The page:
The Minneapolis bridge collapse, like the failure of the New Orleans levees and, over the past few weeks, the flooding of large parts of the UK suggest that there are some things governments never learn: infrastructure is everything. (Famine in India, for example, is the result of a lack of decent storage and transport. They grow the food okay, but can't get it anywhere before it goes off. The answer isn't to drop our unwanted grain on them, it's to help them build infrastructure).
Actually, I think they do learn it. The real problem is that spending money on roads, rail, flood defences and so on is unpopular because it means raising money through taxes (or, particularly in the case of the US, not spending it on foreign wars but since that is really being funded by whichever countries are financing the US overdraft, it's a moot point).
Today in Britian the Liberal Democrats announced policies to add a £10 tax to flights and to tax road freight, raising (they say) billions of pounds to plough back in to rail. Nice policy, but the Lib Dems are good at coming up with nice policies because they know they'll never form a government. They often come up with 'common sense' ideas that no government would ever act upon because one thing you can say about the electorate is they don't like paying taxes while simultaneously demanding better services.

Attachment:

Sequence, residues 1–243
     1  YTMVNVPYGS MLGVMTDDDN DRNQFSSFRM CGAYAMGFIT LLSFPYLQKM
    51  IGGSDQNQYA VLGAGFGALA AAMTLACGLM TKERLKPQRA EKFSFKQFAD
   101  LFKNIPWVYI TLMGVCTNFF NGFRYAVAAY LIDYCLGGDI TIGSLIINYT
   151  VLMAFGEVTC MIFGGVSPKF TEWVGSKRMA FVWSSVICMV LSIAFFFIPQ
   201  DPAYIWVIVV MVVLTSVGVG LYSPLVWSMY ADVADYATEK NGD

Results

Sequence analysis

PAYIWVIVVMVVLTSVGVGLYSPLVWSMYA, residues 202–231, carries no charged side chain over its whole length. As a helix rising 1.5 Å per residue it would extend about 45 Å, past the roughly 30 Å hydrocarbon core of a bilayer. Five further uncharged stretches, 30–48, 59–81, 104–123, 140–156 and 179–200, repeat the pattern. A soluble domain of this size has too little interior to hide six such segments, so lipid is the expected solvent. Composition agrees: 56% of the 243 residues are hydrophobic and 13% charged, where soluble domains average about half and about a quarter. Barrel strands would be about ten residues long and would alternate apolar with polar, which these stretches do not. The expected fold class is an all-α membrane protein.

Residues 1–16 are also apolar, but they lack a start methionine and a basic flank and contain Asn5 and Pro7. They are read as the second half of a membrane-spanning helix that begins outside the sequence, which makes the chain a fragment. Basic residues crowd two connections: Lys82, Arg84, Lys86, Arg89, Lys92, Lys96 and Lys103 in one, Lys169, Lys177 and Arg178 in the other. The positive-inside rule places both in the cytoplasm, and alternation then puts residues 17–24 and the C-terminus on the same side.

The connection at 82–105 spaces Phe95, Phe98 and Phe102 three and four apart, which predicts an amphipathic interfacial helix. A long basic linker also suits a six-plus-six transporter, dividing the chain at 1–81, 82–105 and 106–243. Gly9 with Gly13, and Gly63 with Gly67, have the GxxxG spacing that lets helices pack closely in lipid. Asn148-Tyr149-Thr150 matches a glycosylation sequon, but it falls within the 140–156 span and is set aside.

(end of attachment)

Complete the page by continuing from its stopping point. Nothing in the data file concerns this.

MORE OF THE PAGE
So in all the speculation about its causes will the bridge collapse be blamed on the Governor? Possibly. On the contractors? Perhaps. On the electorate for resisting higher taxes? On drivers for refusing duty on fuel to pay for road repairs? I wouldn't have thought so.
"The Federal Highway Administration's annual budget appears to be hovering around $35-40 billion a year – and ... annual government subsidies for Amtrak come in at slightly more than $1 billion. That's $1 billion every year to help commuter train lines run.
To use but one financial reference point, the U.S. government is spending $12 billion per month in Iraq – billions and billions of dollars of which have literally been lost.
Infrastructure is patriotic.
There is no reason to question the political loyalties of those who would advocate spending taxpayer dollars on national infrastructure – from highway bridges and railway lines to steam pipes, levees, electrical lines, and subway tunnels – instead of on military adventures abroad.
Four months of foreign war would be enough to double the annual budget for the Federal Highway Administration – if that's what one would choose to spend the money on – taking care of quite a few of those 81,000+ bridges which are still open to traffic and yet 'functionally obsolete.'
Perhaps the best way to be 'pro-American' these days is to lobby for modern, safe, and trustworthy infrastructure – and the economic efficiencies to which that domestic investment would lead.
At the risk of promoting a kind of isolationist infrastructural nationalism, I'd say that urban design and engineering is a sadly under-appreciated – yet incredibly exciting – way to serve your country."
And from the comments:
The solution for another bridge, whose concrete is literally falling down as people drive underneath (there's a major highway underneath), was to put a structure underneath that catches the falling debris. Never mind the fact that the bridge might actually collapse. Maybe they hope the structure will also catch the bridge?
(Via Design Observer.)